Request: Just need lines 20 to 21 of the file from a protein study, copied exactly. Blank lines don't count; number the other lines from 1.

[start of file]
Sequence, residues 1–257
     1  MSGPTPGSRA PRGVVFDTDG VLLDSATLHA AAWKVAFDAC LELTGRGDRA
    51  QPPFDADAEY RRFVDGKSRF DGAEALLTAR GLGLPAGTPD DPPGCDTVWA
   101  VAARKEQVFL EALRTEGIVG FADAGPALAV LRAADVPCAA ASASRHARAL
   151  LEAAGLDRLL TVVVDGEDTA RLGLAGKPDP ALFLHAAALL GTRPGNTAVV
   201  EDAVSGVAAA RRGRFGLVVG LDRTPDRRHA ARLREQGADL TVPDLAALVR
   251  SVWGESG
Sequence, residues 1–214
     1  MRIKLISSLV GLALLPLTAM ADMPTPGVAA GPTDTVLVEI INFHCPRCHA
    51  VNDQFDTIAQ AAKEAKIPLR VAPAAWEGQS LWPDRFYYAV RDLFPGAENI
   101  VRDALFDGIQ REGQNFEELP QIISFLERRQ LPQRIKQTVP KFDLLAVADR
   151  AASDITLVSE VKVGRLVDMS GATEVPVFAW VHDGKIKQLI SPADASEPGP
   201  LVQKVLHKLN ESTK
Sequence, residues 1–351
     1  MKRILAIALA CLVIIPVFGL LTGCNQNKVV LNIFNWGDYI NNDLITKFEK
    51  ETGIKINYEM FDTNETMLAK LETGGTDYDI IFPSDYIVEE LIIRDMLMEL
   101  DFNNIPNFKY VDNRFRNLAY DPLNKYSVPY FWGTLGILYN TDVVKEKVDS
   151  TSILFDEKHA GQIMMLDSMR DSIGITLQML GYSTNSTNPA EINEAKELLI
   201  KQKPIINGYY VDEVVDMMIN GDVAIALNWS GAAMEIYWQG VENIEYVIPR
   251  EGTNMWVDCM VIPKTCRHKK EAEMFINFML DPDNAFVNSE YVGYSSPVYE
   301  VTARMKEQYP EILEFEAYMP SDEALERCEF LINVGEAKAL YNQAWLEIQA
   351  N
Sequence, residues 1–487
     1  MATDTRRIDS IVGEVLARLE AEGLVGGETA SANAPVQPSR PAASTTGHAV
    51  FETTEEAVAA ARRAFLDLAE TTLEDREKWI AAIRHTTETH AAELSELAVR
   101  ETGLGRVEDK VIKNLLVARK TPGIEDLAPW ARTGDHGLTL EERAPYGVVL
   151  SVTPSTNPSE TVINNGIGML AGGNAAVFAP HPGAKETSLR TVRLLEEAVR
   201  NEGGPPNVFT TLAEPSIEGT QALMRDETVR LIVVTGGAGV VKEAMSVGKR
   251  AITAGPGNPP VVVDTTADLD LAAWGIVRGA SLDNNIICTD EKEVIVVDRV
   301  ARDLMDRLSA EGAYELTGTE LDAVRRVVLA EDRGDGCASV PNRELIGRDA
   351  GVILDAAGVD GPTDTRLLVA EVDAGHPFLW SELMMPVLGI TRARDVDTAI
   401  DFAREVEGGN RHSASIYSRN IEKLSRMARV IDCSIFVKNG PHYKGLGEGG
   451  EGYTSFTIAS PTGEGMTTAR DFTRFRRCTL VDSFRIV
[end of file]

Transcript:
   251  EGTNMWVDCM VIPKTCRHKK EAEMFINFML DPDNAFVNSE YVGYSSPVYE
   301  VTARMKEQYP EILEFEAYMP SDEALERCEF LINVGEAKAL YNQAWLEIQA